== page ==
MCCI: Mauritius business confidence up in 1st quarter 2015as domestic demand recovers
The business confidence index for Mauritius is favourable, depicting slow economic recovery and positive consumption confidence in the first three months of 2015; although certain sectors continue to be at risk, causing the future economic environment to depend on the performance of the upcoming months. (Image: labalisemarina.com)
Business confidence in Mauritius improved in the first quarter, driven by a recovery in domestic demand, according to a survey from the Mauritius Chamber of Commerce and Industry (MCCI) which showed that the quarterly confidence index rose to 87.9 points from 82.5 points in the last quarter of 2014.
This also signals a second consecutive increase in the index, which has not been seen since 2010,such that the business confidence index had increased from 77.5 points in the third quarter of 2014 to 82.5 points in the fourth quarter of 2014, and has now again increased to 87.9 points in the first quarter of 2015.
The overall assessmentreveals that the confidence of entrepreneurs in the island economy was at its lowest rate yet for five years in the third quarter of 2014, at 77.5 points, and thissecond consecutive increase to 87.9 points in the first quarter of 2015heralds“investments and growth”, announcedMCCIeconomistRenganaden Padayachy.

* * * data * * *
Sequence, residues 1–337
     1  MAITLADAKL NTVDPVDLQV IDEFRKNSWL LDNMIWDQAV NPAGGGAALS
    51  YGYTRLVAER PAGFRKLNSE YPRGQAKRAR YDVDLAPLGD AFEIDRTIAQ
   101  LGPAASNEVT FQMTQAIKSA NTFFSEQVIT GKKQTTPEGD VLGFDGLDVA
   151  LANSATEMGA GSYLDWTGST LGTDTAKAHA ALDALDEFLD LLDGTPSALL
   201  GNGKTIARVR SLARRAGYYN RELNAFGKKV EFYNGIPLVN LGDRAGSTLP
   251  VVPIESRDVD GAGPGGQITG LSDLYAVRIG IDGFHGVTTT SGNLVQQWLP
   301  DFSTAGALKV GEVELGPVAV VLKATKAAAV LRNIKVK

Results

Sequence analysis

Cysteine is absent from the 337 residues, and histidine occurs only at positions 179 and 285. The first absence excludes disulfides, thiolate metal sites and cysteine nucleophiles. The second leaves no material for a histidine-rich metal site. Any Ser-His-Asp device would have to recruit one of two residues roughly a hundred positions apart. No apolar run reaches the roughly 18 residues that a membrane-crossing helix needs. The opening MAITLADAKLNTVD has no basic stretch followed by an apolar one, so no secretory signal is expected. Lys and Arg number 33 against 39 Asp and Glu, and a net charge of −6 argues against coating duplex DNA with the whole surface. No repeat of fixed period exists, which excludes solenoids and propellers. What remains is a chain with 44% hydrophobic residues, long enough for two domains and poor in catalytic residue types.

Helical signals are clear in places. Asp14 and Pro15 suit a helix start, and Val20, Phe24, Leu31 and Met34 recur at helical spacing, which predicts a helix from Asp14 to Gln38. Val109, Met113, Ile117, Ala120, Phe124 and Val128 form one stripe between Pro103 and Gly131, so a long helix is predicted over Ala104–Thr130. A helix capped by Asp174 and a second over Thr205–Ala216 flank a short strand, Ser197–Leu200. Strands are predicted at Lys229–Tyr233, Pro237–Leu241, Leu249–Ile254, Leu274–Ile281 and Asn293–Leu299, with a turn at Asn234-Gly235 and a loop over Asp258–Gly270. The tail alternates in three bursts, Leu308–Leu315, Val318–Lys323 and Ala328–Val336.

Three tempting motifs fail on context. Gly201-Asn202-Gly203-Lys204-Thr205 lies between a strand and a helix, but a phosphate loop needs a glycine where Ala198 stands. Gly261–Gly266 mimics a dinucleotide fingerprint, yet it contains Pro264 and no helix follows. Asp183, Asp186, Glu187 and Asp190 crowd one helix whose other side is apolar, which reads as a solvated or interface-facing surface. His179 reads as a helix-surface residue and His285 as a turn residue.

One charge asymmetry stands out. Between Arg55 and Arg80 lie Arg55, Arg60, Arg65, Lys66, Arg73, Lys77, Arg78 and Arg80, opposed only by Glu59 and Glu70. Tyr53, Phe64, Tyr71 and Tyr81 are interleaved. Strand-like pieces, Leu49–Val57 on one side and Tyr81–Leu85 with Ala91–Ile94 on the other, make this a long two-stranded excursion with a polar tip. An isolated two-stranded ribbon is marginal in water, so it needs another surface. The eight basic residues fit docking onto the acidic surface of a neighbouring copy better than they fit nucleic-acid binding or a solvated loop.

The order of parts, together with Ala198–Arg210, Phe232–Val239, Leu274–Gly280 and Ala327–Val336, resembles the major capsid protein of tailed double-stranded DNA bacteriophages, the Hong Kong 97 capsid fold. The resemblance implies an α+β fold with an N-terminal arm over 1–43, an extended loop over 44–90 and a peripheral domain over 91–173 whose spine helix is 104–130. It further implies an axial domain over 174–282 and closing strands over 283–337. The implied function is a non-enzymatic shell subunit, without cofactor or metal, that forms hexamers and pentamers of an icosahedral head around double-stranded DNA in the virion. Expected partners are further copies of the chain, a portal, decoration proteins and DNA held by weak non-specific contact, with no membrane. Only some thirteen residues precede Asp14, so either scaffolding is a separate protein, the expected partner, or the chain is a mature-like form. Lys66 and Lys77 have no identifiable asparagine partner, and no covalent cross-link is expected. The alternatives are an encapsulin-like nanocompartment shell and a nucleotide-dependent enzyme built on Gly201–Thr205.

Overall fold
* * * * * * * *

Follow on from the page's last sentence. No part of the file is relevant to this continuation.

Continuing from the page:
According to Renganaden Padayachy, this increase was mainly caused by an improvement in the situation of the entrepreneurs as they realised more sales upon direct increase in domestic demand.
However, certain sectors could face difficulties in the coming months, as there is a uncertainty with regard to the future ofsuch sectors, such as the commerce cluster for instance, where traders must get ready to face challengesover the next three months in particular.The analyst stressed that the next three months will accordingly determine whether there will be an economic recovery.
The above assessment shows the island economy has slowly been recovering from the global financial crisis, which dampened tourist arrivals, particularly from Europe.
The government’s decision to increase the old-age pension has already had a positive impact on consumption but a further increase in public investment is necessary to stimulate economic recovery, Renganaden concluded.